Proctor Academy's Ocean Classroom program is more than a third of the way through their eight week journey down the eastern seaboard, and eventually to St. Croix. Proctor's twenty-one students are becoming sailors, and the daily glimpse into life aboard the schooner Roseway reinforces the transformation taking place on Ocean Classroom 2019. Read more from our students in the entries below.
The twenty-one students aboard Schooner Roseway on Proctor's Ocean Classroom program have begun their third week at sea. They are settling into routines, learning how to live in close quarters with their classmates, and adjusting to interrupted sleep, middle of the night watches, and the unfiltered beauty of the open ocean. Read the past week's Ship's Logs from Roseway below.
Last week, the Proctor en Segovia group walked part of the Camino de Santiago, a little under forty miles to be exact. The Camino de Santiago is a path that starts in France and ends on the coast of Galicia. The journey across Spain is walked for many reasons. Some people do it as a physical challenge and/or to take time to reflect on an aspect of their lives, but, traditionally, the Camino de Santiago is walked as a religious pilgrimage.
As week one in Segovia comes to a close there is so much to look back on already. It still feels like we just got off the plane from Boston, not sure as to what time it was or even where we all were. The first few hours after our arrival seemed like a blur. The group had been up for almost 16 hours straight and then immediately thrown into a new culture.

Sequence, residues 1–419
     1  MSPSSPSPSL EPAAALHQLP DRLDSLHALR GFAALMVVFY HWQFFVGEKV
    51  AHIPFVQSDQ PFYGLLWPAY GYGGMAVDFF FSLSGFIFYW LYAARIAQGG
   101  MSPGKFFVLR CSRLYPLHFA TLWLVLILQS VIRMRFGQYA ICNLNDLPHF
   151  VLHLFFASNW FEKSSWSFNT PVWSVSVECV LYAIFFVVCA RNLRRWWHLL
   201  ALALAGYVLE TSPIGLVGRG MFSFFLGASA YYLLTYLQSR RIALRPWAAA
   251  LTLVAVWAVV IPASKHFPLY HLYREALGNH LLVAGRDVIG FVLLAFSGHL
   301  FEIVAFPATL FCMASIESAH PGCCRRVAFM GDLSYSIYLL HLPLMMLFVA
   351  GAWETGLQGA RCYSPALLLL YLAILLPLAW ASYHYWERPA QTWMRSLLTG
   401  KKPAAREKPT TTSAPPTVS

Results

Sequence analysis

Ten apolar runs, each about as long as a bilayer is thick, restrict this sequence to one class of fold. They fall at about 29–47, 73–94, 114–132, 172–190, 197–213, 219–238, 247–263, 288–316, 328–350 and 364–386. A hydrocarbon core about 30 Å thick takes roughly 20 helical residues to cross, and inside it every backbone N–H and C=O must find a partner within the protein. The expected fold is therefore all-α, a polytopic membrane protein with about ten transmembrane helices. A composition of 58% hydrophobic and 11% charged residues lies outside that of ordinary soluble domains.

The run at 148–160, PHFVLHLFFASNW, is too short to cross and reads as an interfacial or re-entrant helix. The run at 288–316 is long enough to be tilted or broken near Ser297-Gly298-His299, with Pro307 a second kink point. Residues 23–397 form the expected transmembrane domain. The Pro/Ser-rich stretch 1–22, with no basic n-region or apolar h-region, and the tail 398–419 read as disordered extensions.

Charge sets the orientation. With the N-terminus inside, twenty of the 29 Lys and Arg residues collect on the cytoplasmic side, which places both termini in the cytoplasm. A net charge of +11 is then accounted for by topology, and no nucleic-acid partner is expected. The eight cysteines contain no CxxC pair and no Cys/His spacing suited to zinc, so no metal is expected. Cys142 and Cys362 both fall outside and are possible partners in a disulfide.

Going to sea is not easy. It never has been. Read diaries of anyone who has spent considerable time at sea and you will quickly learn to appreciate the grit, determination, and trust required to live and work alongside a small group of fellow sailors. The twenty-one Proctor students aboard Ocean Classroom will soon experience first hand the bonds forged at sea.
We build connection one relationship at a time, one day at a time, one conversation at a time. Throughout our lives, some of these relationships flourish as we nurture them, while others become overgrown with the weeds of busyness and inattention. Proctor's relationship with the Lakota Sioux on the Rosebud Reservation in South Dakota is one of those cherished relationships to which we have attended regularly over the last thirty-five years. Our connection grew once again as seven students and two adults (Patty Pond and Peter Logan '95) spent ten days at Rosebud learning, serving, and drinking in the rich culture of our Lakota family. Read reflections from this summer's service trip to Rosebud below.
There is a place about halfway up the Calle Real where a stone wall overlooks the city and the wind is ripe with nostalgia. The cute Segovian homes are scattered in all directions, weaving an incredible maze of streets and alleyways and tile roofs. To the right, the sea of buildings suddenly turns to a field of emerald green grass. And to the left, there is a scarlet mountain range topped with snow.